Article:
Georgia's stirring national anthem, "Freedom" rang out along the route, punctuated by the horns of cars adorned with Georgia's white and red five-cross flag.

There were mothers with babies.  A teenage girl sported tall bright green sneakers, a bright pink top proclaiming her as "princess," and an outsized-at least for her-Georgian flag.  Older ladies in clothes fashionable twenty years ago joined the line, clasping hands with the kids.  Dogs on leashes stood by their owners.

Foreign workers from Africa and Asia joined.  Ukrainian and Estonian flags drew big cheers.

The people of Elit Electronics turned up with bright red T-shirts.  Restaurant waitresses chanted, "victory."  Tamta, Tamuna and Keti-from their nametags-defied Putin's fat generals.

Police, mostly unarmed, roamed the crowd, but there was no trouble.

Priests joined hands with enthusiastic teenagers.  More sedate youngsters prayed in Rustaveli Avenue before the Kashueti Church.  Catholicos-Patriarch of all Georgia Ilia II blessed the human chain, which wound up the hill to Sameba Cathedral.  Inside Sameba, a power greater than any tank was in charge.  With the serenity gained inside Sameba, gazing down the marble promenade, across the city, the reason for the hullabaloo was clear: Georgia won; Putin's Russia lost.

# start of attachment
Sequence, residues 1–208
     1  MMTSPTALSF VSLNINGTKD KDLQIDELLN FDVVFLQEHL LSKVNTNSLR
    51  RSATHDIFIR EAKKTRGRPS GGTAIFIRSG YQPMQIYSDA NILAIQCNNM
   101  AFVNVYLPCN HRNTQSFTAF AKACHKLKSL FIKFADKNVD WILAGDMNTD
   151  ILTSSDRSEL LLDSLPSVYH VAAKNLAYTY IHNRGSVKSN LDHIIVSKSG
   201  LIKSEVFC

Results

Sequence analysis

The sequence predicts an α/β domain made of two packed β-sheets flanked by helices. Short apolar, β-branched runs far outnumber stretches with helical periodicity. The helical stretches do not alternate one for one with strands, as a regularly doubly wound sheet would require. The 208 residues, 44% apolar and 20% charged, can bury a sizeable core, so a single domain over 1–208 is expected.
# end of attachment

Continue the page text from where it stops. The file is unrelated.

One westerner scoffed at this conclusion.  "It looks like a football game; too many flags; disgusting, with all these people dead."  Sorry.  If you do not understand it, then you do not understand it.

The human chain was not a funeral procession; the anthem, "Freedom" is not a funeral dirge.  The girl with the green sneakers, the priests, the old ladies did not march like Putin's tin soldiers in a Red Square Mayday parade.  They gaggled-proud, defiant and cacophonous.  They celebrated Georgia the Georgian way.  Under the gaze of Russian invaders-in some places, literally-while effete westerners dithered, they joined hands to say, we are Georgia and we will stop Russia.